About us

PNCS is a registered charity that runs the Community Transport Scheme this was set up to help improve the quality and independence of life for the elderly and inform.  It assists those who do not have their own transport, or access to alternative transport.

Our Mission Statement

Presteigne & Norton Community Support aims to provide support and information to our community by responding quickly to its needs through voluntary action!

Company Overview

The notion for Community Support was formulated at the Presteigne Surgery in 1993, where a group of enthusiastic community members got together to initiate a pilot project to support care in the community.
Working with statutory services, funds through a ‘Making a Difference’ government grant Presteigne and Norton Community Support opened it’s doors at the Old Drill Hall in 1994 with a paid co-ordinator for 15 hours per week.

The main areas of work revolved around assisting the elderly and infirm to stay in their own homes; to support those marginalized by disability or mental health and to support families with young children.Much of the work was carried out by volunteer members of the community, who brought a diversity of skills, local knowledge and practical experience to the project.

As a rural community, Presteigne, though a pleasant and safe place to live; suffers from isolation and difficulty in accessing amenities and services. To this end a Community Transport Scheme provides regular and reliable transport through volunteers using their own cars, to allow those disadvantaged by rural isolation and lack of public transport to attend medical appointments and necessary social journeys.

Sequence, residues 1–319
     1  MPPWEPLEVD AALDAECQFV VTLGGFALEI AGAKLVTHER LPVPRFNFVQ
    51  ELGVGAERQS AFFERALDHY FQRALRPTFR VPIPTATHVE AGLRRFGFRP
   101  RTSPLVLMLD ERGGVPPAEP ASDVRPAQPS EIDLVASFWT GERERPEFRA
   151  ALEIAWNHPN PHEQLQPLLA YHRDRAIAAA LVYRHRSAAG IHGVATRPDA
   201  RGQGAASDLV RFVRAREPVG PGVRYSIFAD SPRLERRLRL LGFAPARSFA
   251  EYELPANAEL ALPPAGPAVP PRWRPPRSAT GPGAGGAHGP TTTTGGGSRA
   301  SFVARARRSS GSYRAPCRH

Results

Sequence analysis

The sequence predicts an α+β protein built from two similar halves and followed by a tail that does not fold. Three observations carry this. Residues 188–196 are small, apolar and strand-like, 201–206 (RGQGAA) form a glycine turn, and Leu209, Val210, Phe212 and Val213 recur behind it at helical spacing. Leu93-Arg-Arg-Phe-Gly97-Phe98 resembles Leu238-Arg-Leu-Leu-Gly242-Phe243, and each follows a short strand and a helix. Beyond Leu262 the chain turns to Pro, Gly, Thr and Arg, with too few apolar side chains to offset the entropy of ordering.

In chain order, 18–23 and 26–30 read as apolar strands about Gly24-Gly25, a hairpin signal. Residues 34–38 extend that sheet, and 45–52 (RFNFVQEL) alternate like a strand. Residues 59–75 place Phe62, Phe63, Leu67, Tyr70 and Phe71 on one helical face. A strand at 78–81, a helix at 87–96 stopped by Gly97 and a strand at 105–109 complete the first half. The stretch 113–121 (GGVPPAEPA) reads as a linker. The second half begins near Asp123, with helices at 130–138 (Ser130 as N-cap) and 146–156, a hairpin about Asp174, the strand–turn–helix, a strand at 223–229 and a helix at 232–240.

Working as it does, within the centre of the community, relationships are forged that are familiar and supporting, encouraging local residents to access help and information they need to address their individual problems or concerns. The project has evolved as an important source of information and assistance to the local community.

The project registered as a charity in 1996 and is managed by a committee of volunteer trustees who give generously of their time and expertise in accounting, management and caring. The committee is open to new members and welcomes the addition of the new skills and ideas for the project. Two part-time members of staff are now employed.

The project encourages and facilitates local people helping themselves, investing in their community and in society as a whole, and through process, bringing benefit to themselves and to others.

It is a rewarding and fulfilling process and delivers an increased awareness of and a sense of belonging to a supportive and connected community.